“But the fruit of the Spirit is love, joy, peace, patience, kindness, goodness, faithfulness, gentleness, and self-control. Against such things there is no law. Those who belong to Christ Jesus have crucified the sinful nature with its passions and desires. Since we live by the Spirit, let us keep in step with the Spirit. Let us not become conceited, provoking and envying each other. Galatians 5:22-26
The 109th World Series began last night, as if some of you had to be told. It is the highest level of what is known as “America’s Pastime, a sport born in America and possibly, along with our brand of football, its most popular athletic endeavor. It is a stage (“All the world’s a stage! Shakespeare wrote) where passions are on display by participants and spectators alike; but not the only stage where man exhibits his mannishness, or humans show they are creatures ruled by their passions in pursuits too numerous to mention. A quick study of the words “passion, passionate, or passions in modern translations of the Bible finds they are used primarily in negative connotations (interesting!), or in the KJV twice to define what it means to be human like all humans are human (e.g. James 5:17, KJV). It is not that “passion, a part of your nature, is evil in every situation, but separated from the fruit of the Spirit, especially self-control, passions all too frequently erupt into ungodly behavior.
Not to disparage being a fan of sports, but how often have we heard, seen and experienced the eruption of passions over a mere “game resulting in riotous, injurious, and even homicidal behavior. There is always, of course, the radical fan “fringe who allows their passions to go berserk. However, the passion of the average fan, like most of us, usually exceeds our passion for the pursuit or habit of godliness. The Bible is not off the mark when it uses the word “passion negatively to describe an avid proclivity for feeding the desires of the flesh more than the spirit. When you compare the fruit of the Spirit in each of its various manifestations (see verse 22 in today’s text), it is difficult to match these up with the passionate behavior we often see in ourselves or others in the following of our favorite teams, or, for another example, in the political discourse in our land, or in the pursuit of many avocations or desires which stir human passions. As my wife is well aware, I am not not watching the World Series. Having lived in St. Louis three different times, you can imagine for whom I am cheering; all the more reason for me to analyze my own behavior through a lifetime once playing and now watching many athletic competitions; not without bias, of course. And I am not the only competitive one in my family!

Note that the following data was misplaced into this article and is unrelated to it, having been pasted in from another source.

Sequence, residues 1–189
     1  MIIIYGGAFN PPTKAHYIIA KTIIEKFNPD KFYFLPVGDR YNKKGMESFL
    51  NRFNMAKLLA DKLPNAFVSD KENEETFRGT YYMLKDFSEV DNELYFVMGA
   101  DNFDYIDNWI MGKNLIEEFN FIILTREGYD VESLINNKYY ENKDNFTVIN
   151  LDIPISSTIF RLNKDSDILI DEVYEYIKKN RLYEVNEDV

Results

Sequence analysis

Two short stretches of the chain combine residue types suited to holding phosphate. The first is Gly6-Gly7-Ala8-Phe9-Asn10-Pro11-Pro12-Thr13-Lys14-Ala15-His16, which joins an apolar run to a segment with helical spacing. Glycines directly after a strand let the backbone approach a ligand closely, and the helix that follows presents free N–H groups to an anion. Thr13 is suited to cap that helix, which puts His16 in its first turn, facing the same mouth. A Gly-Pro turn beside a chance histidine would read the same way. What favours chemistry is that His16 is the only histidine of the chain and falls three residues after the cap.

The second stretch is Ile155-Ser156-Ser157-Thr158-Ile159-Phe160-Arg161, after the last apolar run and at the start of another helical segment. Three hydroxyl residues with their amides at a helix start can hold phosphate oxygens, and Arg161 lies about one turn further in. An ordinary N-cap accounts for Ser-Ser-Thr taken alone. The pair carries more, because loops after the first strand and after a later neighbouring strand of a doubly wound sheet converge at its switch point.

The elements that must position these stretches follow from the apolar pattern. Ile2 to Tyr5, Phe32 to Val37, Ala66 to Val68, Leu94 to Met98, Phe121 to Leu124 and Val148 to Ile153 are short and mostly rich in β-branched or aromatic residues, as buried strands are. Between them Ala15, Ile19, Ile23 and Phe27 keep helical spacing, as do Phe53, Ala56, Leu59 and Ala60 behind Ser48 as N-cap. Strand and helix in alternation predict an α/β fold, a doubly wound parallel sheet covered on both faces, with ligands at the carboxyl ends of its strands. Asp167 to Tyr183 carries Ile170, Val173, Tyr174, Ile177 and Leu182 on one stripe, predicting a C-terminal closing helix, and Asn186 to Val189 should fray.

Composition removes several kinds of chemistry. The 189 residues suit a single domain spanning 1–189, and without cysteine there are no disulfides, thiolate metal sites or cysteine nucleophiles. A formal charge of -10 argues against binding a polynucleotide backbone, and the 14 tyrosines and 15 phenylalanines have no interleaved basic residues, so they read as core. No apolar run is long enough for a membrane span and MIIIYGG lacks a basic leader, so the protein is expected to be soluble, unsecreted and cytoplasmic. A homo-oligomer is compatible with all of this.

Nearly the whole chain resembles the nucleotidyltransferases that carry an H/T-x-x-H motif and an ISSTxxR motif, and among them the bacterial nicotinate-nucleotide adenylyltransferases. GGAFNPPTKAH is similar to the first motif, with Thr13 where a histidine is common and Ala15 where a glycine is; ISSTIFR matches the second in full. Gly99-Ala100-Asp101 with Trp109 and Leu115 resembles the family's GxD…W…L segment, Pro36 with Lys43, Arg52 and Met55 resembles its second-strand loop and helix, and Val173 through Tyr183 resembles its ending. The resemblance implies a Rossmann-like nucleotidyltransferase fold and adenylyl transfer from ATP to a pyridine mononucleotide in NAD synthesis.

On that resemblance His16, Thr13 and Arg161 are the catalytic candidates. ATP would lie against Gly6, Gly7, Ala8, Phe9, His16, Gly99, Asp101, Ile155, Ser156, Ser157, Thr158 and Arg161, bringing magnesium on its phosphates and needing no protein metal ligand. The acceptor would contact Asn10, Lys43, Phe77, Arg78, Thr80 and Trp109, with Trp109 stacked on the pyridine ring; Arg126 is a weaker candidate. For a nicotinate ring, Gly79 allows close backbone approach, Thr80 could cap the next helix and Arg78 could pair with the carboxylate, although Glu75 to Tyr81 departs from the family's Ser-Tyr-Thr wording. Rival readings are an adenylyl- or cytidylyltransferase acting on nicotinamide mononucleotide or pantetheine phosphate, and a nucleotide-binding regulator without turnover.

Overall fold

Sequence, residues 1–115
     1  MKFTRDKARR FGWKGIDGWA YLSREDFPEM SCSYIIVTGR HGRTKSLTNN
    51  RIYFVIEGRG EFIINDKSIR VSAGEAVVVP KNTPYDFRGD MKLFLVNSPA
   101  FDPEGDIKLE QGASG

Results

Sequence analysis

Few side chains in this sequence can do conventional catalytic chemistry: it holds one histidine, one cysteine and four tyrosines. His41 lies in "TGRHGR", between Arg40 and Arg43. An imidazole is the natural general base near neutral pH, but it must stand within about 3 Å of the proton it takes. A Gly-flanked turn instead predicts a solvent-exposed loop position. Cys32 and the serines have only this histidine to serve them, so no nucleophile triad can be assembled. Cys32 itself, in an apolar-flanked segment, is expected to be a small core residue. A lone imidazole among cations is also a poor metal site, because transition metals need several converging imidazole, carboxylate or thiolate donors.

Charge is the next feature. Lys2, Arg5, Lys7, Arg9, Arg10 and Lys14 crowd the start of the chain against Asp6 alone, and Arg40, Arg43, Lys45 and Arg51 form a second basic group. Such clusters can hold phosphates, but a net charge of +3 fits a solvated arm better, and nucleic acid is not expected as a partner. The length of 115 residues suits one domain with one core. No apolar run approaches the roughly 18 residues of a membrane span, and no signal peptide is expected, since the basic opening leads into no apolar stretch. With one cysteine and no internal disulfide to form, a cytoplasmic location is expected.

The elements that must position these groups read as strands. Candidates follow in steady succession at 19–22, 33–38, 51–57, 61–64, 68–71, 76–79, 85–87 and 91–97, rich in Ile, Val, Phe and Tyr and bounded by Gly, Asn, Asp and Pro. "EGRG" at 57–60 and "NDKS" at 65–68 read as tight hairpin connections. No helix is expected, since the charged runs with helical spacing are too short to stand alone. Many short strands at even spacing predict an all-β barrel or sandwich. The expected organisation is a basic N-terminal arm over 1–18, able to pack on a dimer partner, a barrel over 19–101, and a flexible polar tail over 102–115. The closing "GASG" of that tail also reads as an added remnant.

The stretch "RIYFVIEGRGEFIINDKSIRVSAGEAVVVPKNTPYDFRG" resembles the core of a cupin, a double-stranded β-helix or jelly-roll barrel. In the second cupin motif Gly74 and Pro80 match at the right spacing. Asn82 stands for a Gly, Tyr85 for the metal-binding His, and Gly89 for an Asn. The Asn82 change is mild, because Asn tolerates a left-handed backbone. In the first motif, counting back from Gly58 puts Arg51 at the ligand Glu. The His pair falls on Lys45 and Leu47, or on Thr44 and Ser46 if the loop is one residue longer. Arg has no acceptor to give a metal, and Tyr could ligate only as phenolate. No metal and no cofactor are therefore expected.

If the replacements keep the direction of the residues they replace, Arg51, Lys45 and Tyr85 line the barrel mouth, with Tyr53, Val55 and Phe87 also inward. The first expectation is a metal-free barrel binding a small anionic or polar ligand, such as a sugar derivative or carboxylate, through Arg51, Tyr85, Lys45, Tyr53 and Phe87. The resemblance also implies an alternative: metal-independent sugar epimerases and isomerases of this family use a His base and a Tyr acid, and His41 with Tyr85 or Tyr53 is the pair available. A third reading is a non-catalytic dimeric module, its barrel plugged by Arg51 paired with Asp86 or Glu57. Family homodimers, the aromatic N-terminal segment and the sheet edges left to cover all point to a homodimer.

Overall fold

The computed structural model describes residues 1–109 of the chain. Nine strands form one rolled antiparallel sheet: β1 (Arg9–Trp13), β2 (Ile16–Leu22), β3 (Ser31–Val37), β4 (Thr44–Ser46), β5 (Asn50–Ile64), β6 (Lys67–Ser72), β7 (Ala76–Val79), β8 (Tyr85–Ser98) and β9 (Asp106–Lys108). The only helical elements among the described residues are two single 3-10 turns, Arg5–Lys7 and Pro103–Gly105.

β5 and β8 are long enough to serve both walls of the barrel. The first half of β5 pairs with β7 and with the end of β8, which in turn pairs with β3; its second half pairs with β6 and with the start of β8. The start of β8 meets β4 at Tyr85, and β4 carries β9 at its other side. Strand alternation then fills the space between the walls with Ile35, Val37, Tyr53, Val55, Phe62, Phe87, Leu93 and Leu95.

Competition isn’t wrong; it is a fact of life. But it is always a test of passion, and a test of a desire to bear the fruit of the Spirit, AND see it producing in your life. Self-awareness is a critical part of Christian character, and analyzing the displays of passion in your life in view of the fruit of the Spirit is a necessary activity of your sanctification. God does not desire for you to become passionless. God forbid! What He wants is for you to be passionate about those things which will last forever; not the things which quickly fade when the rubber meets the road; that is, when you come face to face with the truly weighty things of this life and the next.
Passion can be fodder for sin, or it can be boundless energy in the right direction.
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